Also on the bill at Edinburgh will be:
Robert Macfarlane (joint winner of the Dolman prize in 2013 with The Old Ways), talking about his new book, Underland;
the Norwegian explorer Erling Kagge, the first person to walk to both poles and climb Everest, discussing his latest book, Walking;
the broadcaster Mariella Frostrup, editor of the travel anthology Wild Women;
Julia Blackburn and Simon Winder, authors respectively of Time Song, which is about Doggerland, a region that once joined the east coast of England to Holland, and Lotharingia, which tells of a long-lost area between modern-day France and Germany;
Caroline Eden, author of the prize-winning culinary tour Black Sea;
and the poet André Naffis-Sahely, editor of The Heart of a Stranger, an anthology of poetry, fiction and non-fiction about exile (Pushkin Press, August 29), featuring more than a hundred contributors from six continents.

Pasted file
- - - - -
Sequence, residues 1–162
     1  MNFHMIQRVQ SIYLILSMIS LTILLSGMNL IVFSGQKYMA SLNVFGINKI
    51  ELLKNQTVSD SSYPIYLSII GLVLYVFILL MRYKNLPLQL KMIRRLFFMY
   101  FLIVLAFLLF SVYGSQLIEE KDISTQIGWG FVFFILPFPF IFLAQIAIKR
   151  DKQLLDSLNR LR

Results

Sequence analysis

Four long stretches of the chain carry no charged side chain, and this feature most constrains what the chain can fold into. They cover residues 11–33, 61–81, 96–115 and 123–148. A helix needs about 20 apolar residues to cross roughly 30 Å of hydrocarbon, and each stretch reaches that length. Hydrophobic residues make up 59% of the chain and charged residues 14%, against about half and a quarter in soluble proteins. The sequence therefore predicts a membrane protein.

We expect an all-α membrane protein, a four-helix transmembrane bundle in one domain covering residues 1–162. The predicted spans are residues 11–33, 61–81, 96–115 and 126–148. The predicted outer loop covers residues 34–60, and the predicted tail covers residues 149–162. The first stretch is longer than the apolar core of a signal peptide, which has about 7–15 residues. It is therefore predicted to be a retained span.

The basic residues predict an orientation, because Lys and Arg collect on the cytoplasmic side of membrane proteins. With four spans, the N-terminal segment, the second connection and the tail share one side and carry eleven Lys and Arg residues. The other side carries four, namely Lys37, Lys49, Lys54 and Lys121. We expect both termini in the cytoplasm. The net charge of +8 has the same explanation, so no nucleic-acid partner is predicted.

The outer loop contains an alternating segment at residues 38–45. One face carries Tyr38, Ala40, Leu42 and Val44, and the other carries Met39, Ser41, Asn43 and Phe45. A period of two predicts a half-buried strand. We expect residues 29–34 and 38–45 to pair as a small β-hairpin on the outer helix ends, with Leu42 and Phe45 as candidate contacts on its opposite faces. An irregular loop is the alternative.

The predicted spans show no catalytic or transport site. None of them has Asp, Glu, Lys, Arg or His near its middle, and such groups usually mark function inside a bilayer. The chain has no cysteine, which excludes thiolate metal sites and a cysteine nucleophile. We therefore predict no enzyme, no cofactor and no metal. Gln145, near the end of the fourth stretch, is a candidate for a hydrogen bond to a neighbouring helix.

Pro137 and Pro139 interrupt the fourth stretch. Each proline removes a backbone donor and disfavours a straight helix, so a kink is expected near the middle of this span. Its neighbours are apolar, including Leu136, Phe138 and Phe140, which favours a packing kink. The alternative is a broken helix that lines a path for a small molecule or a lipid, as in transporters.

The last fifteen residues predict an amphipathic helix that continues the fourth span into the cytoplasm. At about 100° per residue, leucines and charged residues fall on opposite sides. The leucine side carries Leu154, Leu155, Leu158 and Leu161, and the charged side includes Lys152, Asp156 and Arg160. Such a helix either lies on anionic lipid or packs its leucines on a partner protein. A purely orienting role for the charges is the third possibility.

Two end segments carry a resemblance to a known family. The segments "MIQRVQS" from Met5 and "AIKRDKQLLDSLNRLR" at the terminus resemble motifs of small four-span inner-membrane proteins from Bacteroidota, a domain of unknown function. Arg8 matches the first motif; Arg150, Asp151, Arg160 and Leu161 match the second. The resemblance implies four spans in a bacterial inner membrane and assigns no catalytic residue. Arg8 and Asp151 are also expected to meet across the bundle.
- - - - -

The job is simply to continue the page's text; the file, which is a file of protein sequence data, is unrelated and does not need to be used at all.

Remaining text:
‘Neon — the light of pure promise’

In The Spectator this week, Geoff Dyer writes about a new book of photographs by Fred Sigman, Motel Vegas (Smallworks Press):

In the 1960s especially the motel became an architectural extension of something that appears almost inconceivable except in retrospect: Las Vegas glamour. Vegas was a wonderland, and the faithful who flocked to it needed accommodation. Motel signs were a way of meeting the humdrum necessity of providing shelter without breaking the spell of the magically boozy kingdom of the Rat Pack. The essential element in this was neon: the light of pure promise (‘VACANCY’) that, if all else failed, could be filled or underwritten by naked guarantee (‘STRIPPERS’).

Rory Stewart on avoiding repetition

Is Rory Stewart a leader? He’s certainly a writer, as of course is Boris Johnson, who is reckoned at this moment to be some way ahead of him in the contest to be the next prime minister of a disunited kingdom. Either might be worth reading (once he’s been turfed out) on the experience of being inside Number 10. And Stewart — judging by a piece he wrote after winning the Royal Society of Literature’s Ondaatje Prize for 2005 for his book on Afghanistan — would strive to see the place with fresh eyes: